States can cover people with too much income to meet financial eligibility criteria through the medically needy option. There is no specified ceiling on how much income a person can have and still potentially qualify if their medical bills are high enough. However, a number of requirements limit the attractiveness of the medically needy option for higher income people needing long-term care, especially home and community services, relative to the more narrowly targeted options discussed in the next section. Requirements include the following:
Individuals must fit into one of the Medicaid categories for coverage--for example, be age 65 or older or meet the Social Security Administration criteria for disability. If not, they cannot qualify as medically needy no matter how low their incomes or how extensive their medical need.
At a minimum, states choosing this option must first cover medically needy pregnant women and children. Most states that cover the medically needy also extend coverage to elderly persons or persons with disabilities.
States may not restrict eligibility based on medical condition, type of services needed, or place of residence.
Eligibility limits on resources are typically the same as for SSI.15
States must use a single eligibility level for income and resources for all medically needy groups they elect to cover. In the case of income levels, this single level may not exceed 133 1/3 percent of the states pre-welfare reform AFDC payment levels. Where these are very low, the medically needy income levels may be less than the SSI level.
Medically needy people with incomes above the states threshold must spend down before becoming eligible for Medicaid benefits.
General Eligibility Expansion Options
- 100 percent of the Federal poverty level
- Allows states to provide full Medicaid benefits to all elderly persons or persons with disabilities with countable income up to the Federal poverty level and assets at or below state limits.
- Medically needy
- Allows eligibility for those who would qualify except for income.
- Higher income persons must spend down their income to Medicaid eligibility levels.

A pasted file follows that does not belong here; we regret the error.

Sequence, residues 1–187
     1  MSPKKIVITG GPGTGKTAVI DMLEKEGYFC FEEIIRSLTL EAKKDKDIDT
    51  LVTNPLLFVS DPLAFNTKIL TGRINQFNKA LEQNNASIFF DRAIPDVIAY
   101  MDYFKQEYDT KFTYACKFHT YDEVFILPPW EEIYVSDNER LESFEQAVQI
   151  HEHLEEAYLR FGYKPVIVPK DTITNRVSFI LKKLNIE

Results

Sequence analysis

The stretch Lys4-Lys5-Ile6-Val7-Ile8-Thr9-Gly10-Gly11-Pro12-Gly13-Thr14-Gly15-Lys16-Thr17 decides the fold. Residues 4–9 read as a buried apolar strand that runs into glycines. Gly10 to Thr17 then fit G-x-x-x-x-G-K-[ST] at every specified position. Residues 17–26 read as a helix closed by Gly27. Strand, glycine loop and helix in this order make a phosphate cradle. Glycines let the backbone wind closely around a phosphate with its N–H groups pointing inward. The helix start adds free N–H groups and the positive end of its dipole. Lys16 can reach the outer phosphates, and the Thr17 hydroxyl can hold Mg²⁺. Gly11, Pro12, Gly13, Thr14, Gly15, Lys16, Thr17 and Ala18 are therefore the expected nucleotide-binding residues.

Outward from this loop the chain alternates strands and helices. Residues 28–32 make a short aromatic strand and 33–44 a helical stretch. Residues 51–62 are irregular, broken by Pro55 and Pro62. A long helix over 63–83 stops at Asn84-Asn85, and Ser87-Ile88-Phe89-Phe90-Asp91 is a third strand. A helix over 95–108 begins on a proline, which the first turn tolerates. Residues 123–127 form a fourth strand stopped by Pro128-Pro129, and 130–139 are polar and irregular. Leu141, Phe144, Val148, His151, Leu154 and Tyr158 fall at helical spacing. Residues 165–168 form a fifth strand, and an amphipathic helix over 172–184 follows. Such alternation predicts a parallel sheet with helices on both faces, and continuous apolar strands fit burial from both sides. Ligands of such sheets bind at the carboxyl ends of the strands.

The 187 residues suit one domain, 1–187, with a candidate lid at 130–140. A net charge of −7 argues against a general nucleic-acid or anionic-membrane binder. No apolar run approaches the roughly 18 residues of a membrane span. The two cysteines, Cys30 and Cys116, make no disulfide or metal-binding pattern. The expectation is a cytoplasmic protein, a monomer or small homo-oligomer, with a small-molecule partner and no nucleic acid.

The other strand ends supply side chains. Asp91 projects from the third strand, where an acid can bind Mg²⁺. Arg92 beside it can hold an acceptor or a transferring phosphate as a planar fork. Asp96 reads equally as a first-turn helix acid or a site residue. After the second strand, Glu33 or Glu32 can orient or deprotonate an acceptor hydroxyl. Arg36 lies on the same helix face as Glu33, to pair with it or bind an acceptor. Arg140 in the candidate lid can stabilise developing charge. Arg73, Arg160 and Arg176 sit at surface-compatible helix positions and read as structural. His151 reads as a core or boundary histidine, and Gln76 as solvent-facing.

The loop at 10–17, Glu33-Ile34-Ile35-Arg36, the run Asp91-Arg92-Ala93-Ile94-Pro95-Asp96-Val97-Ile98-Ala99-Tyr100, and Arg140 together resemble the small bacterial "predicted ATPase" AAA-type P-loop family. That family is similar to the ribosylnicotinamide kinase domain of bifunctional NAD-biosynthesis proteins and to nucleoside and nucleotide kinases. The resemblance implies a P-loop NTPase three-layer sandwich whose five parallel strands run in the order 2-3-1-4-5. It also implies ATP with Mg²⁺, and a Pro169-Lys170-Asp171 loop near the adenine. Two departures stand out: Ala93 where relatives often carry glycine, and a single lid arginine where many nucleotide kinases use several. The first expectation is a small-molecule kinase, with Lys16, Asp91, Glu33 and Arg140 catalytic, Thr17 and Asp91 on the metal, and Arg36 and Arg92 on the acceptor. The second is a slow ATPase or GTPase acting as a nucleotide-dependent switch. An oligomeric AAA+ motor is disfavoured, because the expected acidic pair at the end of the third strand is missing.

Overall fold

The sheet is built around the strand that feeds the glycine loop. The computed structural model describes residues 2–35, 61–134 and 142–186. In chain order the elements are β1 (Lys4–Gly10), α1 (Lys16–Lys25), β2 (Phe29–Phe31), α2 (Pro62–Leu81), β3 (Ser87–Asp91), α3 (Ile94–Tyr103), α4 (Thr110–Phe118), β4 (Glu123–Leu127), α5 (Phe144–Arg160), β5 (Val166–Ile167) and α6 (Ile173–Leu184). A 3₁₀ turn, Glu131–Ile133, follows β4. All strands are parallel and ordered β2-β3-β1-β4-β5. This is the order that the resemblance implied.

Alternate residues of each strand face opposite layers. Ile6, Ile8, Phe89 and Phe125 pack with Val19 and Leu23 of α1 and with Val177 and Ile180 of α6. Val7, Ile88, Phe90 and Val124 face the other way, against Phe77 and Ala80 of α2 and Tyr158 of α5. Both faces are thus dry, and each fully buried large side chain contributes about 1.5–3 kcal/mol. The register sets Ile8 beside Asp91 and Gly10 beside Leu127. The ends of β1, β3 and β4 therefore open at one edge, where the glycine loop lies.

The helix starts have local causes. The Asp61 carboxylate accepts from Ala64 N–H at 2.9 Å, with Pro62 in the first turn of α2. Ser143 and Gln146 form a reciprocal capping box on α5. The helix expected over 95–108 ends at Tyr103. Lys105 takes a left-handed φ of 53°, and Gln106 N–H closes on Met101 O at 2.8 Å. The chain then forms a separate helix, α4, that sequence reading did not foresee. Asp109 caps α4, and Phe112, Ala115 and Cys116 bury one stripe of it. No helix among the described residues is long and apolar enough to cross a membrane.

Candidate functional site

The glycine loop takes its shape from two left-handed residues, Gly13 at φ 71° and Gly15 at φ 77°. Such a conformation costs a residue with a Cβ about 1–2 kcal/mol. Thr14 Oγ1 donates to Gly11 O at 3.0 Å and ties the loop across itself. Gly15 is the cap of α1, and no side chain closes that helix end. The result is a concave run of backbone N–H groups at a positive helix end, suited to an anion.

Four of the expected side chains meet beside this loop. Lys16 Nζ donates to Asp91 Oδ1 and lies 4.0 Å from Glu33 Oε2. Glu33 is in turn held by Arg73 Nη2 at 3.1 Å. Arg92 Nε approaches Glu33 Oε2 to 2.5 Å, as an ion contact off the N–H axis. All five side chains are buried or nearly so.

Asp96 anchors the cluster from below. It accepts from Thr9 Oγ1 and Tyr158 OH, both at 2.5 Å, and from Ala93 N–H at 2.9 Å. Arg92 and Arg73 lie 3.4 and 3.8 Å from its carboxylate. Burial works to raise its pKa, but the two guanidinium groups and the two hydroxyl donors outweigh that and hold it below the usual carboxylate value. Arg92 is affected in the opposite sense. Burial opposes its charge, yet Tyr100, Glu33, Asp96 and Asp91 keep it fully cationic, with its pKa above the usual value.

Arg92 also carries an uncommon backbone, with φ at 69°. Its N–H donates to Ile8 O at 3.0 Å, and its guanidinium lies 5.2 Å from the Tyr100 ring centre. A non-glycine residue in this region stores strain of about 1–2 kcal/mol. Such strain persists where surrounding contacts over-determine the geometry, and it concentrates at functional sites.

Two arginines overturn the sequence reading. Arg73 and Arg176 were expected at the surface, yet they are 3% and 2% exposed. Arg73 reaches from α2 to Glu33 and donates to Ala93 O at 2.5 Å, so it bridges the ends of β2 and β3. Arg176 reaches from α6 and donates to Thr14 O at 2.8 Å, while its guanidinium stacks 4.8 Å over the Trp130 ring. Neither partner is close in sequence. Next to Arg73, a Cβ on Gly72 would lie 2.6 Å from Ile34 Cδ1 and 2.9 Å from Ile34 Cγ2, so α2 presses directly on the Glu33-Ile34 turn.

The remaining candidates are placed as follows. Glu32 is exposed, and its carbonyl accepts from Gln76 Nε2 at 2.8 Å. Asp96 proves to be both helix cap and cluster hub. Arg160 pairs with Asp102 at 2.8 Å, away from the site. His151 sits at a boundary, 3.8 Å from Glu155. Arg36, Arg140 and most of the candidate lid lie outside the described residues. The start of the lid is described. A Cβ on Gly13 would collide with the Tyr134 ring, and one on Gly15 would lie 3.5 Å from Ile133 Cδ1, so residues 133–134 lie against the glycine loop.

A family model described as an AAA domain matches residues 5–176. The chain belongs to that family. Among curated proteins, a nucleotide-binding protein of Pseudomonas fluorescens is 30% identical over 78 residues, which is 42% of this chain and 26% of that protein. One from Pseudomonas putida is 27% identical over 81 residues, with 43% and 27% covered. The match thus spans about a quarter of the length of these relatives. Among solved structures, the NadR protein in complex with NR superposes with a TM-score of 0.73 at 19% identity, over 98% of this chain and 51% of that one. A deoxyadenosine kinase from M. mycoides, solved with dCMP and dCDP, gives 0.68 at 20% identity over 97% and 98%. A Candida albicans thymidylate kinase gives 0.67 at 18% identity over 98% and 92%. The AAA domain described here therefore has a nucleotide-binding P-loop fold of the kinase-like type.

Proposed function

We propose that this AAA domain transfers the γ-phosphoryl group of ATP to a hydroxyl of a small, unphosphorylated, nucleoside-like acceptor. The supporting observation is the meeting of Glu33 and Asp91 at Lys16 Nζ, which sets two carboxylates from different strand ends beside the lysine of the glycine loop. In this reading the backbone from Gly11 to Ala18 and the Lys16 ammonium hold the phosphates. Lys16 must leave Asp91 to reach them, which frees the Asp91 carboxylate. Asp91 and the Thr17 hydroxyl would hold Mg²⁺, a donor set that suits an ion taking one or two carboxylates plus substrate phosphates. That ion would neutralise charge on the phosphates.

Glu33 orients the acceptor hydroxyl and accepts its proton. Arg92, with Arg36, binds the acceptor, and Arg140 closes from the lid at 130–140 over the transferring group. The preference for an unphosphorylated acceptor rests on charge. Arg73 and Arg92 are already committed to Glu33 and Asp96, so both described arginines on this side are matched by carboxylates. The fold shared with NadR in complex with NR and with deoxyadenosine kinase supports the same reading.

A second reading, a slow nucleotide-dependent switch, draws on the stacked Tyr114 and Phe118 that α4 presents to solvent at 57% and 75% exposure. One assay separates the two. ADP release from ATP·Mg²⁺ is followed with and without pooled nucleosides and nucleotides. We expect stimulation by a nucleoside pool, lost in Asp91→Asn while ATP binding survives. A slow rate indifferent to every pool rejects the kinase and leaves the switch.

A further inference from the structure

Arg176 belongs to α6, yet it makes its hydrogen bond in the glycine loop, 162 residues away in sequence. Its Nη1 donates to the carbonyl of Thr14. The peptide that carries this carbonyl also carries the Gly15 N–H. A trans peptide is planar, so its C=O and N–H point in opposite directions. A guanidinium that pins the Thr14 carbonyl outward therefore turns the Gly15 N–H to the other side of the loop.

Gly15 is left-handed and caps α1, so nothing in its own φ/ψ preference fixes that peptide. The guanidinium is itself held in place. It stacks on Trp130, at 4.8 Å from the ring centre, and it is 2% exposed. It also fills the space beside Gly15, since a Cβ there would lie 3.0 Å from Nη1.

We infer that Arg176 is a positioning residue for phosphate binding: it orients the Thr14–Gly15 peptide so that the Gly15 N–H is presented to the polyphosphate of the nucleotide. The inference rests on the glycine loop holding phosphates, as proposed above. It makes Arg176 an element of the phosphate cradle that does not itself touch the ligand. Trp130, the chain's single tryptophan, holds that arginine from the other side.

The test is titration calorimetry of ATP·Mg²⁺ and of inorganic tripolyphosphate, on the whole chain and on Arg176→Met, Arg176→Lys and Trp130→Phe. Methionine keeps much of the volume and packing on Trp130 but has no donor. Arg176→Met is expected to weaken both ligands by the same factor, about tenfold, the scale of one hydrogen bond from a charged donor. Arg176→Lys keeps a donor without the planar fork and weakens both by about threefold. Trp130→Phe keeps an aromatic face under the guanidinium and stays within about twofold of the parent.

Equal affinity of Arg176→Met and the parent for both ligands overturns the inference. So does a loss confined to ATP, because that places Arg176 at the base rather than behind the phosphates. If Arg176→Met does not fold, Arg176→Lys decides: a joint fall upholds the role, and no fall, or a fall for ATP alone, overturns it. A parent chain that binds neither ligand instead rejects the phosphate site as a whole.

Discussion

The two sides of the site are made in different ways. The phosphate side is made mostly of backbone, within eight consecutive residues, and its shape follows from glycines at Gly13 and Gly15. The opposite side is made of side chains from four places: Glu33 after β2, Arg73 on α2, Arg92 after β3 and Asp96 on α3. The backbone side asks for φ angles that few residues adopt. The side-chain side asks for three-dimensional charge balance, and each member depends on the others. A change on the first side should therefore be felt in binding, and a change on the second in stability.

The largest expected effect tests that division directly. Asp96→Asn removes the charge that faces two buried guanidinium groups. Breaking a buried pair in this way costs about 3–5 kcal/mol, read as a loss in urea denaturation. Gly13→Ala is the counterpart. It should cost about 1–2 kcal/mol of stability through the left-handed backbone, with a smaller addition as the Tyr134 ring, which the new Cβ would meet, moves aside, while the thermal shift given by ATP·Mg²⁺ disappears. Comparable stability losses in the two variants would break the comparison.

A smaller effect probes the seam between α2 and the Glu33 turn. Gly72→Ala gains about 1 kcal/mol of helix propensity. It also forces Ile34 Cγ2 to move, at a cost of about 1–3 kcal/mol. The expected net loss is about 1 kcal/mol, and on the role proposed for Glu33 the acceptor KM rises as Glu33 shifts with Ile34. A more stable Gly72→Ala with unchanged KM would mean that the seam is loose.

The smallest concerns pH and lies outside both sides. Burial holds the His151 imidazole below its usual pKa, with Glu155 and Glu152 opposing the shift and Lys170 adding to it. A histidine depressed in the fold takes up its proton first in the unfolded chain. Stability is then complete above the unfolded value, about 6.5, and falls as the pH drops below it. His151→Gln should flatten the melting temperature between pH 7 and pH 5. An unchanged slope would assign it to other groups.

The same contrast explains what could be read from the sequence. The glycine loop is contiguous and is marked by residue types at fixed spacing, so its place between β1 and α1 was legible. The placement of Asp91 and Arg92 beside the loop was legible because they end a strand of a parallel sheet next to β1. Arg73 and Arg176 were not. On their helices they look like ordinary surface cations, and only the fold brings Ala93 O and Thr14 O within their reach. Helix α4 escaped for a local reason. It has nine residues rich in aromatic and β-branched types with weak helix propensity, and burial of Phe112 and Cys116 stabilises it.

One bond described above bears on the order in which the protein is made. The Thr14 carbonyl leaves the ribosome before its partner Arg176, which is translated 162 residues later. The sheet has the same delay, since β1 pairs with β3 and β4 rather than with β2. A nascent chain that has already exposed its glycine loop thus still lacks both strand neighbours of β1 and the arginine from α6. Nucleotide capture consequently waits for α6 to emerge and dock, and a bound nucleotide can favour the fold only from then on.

- States may not cover medically needy who are elderly or have disabilities without also covering medically needy pregnant women and children.
This last, the spend-down requirement, can be a major impediment for higher income people who wish to qualify for home and community services through the medically needy provision. The reason is that medically needy people with incomes above the states Medicaid income threshold must spend down to that threshold on a periodic basis in order to remain eligible for Medicaid funding of the services they need.16 Until their spend-down limit is reached, they are responsible for their own medical expenses.
There is no Federal or state requirement that individuals spending down actually pay their bills. But as a practical matter, providers are unlikely to continue serving them if they fail to pay. Alternatively, states can offer people the opportunity to meet their spend-down obligation by paying it directly to the state in exchange for immediate coverage of all their medical expenses. In either case, however, people with incomes well above the state threshold may have a spend-down liability that leaves them insufficient income to cover all their expenses at their current living standards.
Hypothetical Spend-Down Situation
Assume the states medically needy income level for an individual is $450 per month. For individuals with monthly countable income of $950, spend-down liability is $950 minus $450 (= $500), which may be a manageable amount for those with high time-limited medical needs or those in nursing homes who do not need income to maintain a home and pay other community living expenses.
Because of these limitations, spend-down works best for people in three kinds of situations: (a) they have a one-time, short-term need for assistance; (b) they are permanently in an institution and no longer need income to maintain community residence; or (c) their income is low enough to result in a spend-down liability that is affordable to them. (Spend-down is discussed in Chapter 5 as it relates to payment of room and board in residential care facilities.)